Welcome

Welcome to 6th grade math!


Our mission at Shapleigh Middle School is to help students grow in mind, body and spirit in a caring and safe environment.  This is accomplished through dedication and hard work in a positive, fun atmosphere.  My philosophy of teaching is that every student can learn through multimodal instruction and hand on exercises.  This philosophy lends itself well to Connected Mathematics and Glencoe Math.

The concept of a "spiraling" curriculum is philosophically appealing; but, too often, not enough time is spent initially with a new concept to build on it at the next stage of the spiral. This leads to teachers spending a great deal of time re-teaching the same ideas over and over again. Without a deeper understanding of concepts and how they are connected, students come to view mathematics as a collection of different techniques and algorithms to be memorized.

Connected Math:

The authors were guided by the following principles in the development of the Connected Mathematics materials. These statements reflect both research and policy stances in mathematics education about what works to support students' learning of important mathematics.

  • The "big" or key mathematical ideas around which the curriculum is built are identified.

  • The underlying concepts, skills, or procedures supporting the development of a key idea are identified and included in an appropriate development sequence.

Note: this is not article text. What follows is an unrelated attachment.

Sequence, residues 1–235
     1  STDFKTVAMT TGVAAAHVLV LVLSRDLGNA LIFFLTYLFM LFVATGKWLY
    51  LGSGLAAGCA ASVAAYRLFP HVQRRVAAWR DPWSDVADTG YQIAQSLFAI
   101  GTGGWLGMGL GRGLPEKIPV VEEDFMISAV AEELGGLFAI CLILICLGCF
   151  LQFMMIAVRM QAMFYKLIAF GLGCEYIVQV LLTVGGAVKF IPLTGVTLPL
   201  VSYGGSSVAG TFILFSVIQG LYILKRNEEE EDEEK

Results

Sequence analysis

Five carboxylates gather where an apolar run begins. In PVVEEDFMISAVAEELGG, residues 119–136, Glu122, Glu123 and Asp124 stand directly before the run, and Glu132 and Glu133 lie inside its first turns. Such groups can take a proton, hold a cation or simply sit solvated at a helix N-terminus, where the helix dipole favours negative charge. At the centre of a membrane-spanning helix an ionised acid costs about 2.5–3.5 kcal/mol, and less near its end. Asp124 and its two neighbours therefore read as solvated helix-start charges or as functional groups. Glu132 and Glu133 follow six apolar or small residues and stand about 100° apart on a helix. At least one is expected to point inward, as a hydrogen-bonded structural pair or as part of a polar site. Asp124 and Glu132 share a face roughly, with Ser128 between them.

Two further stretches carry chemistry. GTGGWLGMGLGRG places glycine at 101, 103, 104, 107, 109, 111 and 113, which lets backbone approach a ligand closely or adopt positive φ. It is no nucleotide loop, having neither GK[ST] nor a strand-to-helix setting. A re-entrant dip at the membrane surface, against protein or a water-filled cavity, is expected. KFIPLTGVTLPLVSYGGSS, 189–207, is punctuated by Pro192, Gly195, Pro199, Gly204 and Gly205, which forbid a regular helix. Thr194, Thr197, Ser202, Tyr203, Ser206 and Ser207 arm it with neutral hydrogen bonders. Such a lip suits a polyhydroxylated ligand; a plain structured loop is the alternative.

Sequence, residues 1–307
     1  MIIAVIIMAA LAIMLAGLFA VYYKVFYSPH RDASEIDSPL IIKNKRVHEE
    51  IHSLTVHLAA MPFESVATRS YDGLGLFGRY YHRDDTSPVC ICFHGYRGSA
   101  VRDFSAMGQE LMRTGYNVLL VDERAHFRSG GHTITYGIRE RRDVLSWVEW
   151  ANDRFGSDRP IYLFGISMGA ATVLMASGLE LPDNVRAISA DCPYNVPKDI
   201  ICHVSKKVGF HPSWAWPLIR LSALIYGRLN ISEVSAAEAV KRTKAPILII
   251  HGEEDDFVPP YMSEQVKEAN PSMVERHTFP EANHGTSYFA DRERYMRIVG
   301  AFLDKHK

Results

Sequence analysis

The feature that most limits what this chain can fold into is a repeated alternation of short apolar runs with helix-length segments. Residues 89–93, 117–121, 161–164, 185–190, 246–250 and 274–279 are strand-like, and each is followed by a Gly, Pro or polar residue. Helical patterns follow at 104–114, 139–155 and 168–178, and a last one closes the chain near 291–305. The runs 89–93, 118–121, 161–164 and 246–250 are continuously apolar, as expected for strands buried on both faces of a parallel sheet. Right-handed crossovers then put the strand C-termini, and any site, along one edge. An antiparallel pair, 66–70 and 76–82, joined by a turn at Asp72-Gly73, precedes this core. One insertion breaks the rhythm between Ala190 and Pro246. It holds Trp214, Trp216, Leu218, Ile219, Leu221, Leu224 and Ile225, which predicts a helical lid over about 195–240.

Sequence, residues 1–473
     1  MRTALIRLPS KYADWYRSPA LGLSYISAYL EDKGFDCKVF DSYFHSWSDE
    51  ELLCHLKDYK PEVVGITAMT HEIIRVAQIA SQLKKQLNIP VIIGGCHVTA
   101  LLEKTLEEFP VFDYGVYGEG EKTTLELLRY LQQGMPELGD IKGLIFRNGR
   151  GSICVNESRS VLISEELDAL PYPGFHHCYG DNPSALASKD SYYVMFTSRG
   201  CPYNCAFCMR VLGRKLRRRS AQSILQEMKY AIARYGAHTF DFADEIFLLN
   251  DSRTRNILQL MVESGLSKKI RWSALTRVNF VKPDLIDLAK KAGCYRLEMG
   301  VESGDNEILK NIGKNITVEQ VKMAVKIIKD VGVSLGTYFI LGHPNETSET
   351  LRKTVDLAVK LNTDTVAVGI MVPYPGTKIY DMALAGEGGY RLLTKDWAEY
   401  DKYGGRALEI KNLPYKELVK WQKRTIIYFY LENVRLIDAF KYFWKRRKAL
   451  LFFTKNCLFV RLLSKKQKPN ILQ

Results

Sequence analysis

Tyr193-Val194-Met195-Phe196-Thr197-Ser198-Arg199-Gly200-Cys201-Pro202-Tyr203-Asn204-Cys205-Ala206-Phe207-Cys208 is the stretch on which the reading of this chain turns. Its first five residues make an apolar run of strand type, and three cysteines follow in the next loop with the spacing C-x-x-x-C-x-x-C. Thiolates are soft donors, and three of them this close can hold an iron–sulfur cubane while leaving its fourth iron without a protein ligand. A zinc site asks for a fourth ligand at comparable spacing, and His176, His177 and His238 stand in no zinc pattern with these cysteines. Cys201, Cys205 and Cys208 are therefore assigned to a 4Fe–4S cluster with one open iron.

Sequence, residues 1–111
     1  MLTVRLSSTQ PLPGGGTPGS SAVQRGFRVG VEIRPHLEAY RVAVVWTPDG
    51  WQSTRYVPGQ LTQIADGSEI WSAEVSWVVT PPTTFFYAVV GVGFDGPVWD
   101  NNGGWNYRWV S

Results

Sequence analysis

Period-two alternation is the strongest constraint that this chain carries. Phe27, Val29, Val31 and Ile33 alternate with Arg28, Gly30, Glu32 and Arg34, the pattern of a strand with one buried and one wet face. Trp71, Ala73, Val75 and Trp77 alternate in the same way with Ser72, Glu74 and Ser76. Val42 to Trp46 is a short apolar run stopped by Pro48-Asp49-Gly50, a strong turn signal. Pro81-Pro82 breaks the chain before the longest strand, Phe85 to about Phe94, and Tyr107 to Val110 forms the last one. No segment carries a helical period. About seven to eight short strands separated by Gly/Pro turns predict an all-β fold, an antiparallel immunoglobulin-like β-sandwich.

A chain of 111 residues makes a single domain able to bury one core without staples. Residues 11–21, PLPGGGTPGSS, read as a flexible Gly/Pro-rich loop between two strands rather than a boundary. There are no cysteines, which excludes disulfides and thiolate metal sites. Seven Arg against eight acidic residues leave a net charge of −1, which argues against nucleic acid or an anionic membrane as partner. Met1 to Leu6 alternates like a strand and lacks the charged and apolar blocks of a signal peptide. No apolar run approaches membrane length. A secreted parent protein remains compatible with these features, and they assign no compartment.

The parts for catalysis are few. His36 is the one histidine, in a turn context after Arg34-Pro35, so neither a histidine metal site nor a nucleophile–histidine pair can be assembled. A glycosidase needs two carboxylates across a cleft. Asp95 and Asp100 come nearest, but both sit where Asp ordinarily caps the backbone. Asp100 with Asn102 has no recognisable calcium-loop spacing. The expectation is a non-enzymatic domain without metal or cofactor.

• An effective curriculum has coherence-it builds and connects from investigation to investigation, unit-to-unit, and grade-to-grade.

  • Classroom instruction focuses on inquiry and investigation of mathematical ideas embedded in rich problem situations.

  • Mathematical tasks for students in class and in homework are the primary vehicle for student engagement with the mathematical concepts to be learned. The key mathematical goals are elaborated, exemplified, and connected through the problems in an investigation.

  • Ideas are explored through these tasks in the depth necessary to allow students to make sense of them. Superficial treatment of an idea produces shallow and short-lived understanding and does not support making connections among ideas.

  • The curriculum helps students grow in their ability to reason effectively with information represented in graphic, numeric, symbolic, and verbal forms and to move flexibly among these representations.

  • The curriculum reflects the information- processing capabilities of calculators and computers and the fundamental changes such tools are making in the way people learn mathematics and apply their knowledge of problem-solving tasks.


Brief Biography:


I attended the University of Southern Maine where I received a B.S. in Economics.  I then moved to Florida where I taught at Monroe Middle School in Tampa.  While in Florida, I attended Saint Leo University to obtain my Masters of Arts in Teaching.  I finished my internship in Maine at Falmouth Middle School.  I am excited to be in the Kittery school system and I am amazed with the great attitudes and abilities of all the students. 
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Douglas Bertrand,
Oct 13, 2015, 10:55 AM
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